Kathy Walsh (1998 Hanuman Highway, 7th): She began helping her father, a trainer, when she was only eight. She worked for him for several years before taking over his stable after he died in 1970. She trained on the Northern California circuit until 1980 when she got married and decided to take a break from the racetrack. In 1985, she returned to training.
Akiko Gothard (1999 K One King, 8th): Her roles in the Thoroughbred industry have included bloodstock agent, insurance agent, owner and trainer. A native of Tokyo, Japan, she was born Oct. 7, 1930 and moved to the United States in 1957. She attended the University of Kentucky and taught Asian Studies while still a student. Akiko became a bloodstock agent in 1970, and married Marvin Gothard in 1985 after selling him his first Thoroughbred. The couple became trainers and worked together until Marvin’s death.
Jenine Sahadi (2000 The Deputy (Ire), 14th): Jenine became the first female trainer to win a Breeders' Cup race when Lit de Justice triumphed in the 1996 Breeders' Cup Sprint. She made it back-to-back Sprint victories just 12 months later when Elmhurst won the six-furlong race at Hollywood Park. Her stable has earned at least $1-million every year except 1993, falling just $5,595 short, although it is worth noting she did not go out on her own until April of that year. In 2000, she was in the national spotlight with Santa Anita Derby (GI) winner The Deputy (Ire), who she saddled as her first starter in the Kentucky Derby (GI). A graduate of the University of Southern California, Sahadi worked for Hollywood Park in Inglewood in a variety of roles, including as publicist, before launching her training career. Daughter of Cardiff Stud Farm founder Fred Sahadi, she is married to fellow trainer Ben D. A. Cecil.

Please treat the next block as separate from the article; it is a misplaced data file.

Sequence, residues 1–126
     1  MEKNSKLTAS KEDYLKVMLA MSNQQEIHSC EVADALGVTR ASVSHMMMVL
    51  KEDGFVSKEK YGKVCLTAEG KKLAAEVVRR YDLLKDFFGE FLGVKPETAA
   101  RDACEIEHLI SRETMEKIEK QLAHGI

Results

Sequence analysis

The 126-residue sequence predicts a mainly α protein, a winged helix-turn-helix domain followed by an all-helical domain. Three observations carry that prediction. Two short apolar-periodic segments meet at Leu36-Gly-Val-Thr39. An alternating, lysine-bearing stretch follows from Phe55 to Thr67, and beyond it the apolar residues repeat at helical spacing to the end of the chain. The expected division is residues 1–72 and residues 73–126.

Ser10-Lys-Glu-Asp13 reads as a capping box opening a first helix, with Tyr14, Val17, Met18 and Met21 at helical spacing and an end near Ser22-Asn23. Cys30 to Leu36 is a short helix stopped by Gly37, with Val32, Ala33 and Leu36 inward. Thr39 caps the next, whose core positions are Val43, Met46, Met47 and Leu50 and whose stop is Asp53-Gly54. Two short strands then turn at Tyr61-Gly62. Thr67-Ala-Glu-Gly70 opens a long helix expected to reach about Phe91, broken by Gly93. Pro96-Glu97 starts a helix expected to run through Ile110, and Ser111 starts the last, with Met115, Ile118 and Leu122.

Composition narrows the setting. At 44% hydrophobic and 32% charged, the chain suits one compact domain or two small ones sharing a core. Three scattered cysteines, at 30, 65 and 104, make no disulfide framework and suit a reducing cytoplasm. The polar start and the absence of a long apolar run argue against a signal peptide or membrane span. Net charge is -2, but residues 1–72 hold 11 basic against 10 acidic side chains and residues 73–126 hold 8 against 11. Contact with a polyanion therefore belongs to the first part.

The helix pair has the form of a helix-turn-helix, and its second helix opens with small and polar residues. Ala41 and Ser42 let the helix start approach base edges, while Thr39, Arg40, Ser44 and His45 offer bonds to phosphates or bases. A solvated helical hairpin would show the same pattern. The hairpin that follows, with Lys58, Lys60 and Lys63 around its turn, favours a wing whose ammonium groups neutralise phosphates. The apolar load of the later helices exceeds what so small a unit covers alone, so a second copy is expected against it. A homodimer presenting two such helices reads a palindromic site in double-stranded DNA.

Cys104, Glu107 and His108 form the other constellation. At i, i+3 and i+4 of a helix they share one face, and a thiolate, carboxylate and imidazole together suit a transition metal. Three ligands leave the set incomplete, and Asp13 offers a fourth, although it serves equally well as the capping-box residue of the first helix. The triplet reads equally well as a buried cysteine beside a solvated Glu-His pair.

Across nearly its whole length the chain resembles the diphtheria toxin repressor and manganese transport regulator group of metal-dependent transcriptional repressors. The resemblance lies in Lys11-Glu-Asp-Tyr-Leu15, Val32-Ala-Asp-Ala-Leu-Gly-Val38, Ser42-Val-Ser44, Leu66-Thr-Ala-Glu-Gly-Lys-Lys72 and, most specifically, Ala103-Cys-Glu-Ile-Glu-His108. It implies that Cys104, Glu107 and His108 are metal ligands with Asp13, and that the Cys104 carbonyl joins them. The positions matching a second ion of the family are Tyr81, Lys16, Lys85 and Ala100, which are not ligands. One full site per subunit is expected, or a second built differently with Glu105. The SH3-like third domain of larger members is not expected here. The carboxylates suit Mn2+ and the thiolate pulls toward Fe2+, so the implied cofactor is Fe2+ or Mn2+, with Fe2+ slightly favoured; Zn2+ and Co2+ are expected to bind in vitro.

Kristin Mulhall (2004 Imperialism, 3rd): Mulhall was born into racing: she is the daughter of veteran horseman Richard Mulhall. She was an equestrian rider through her teens before obtaining trainer's license during Hollywood Park's 2002 Spring/Summer Meet. Her father was the former racing manager of the now defunct Thoroughbred Coporation. She handled the dispersal sale of the Thoroughbred Corp. racing and breeding stock at the Barrett's February 2004 sale. She won her first race at Del Mar in 2002 with Atarama. First stakes winner was Sentimental Bay, who won the Ramser Stakes at Santa Anita in October 2003. She is based in southern California and is well-known for her dedication to her horses.
Jennifer Pedersen (2004 Song of the Sword, 11th): 2004 marked the first time in history that two women trainers had starters in the Derby. A native of Forest Hills in Queens, New York, Pedersen, started on the racetrack when she was 16 and was hired by Ernie Paragallo, owner of Paraneck Stable, to be his private trainer after he took notice of the positive attitude she displayed in running his Center Brook Farm in Climax, New York. She became the second female trainer to win the Lane's End Stakes when New York Hero won the 2003 renewal of the Grade II stakes at Turfway Park. She also also won the Lafayette Stakes at Keeneland with Griffinite, who also ran fifth in the Preakness. She is the mother of two children.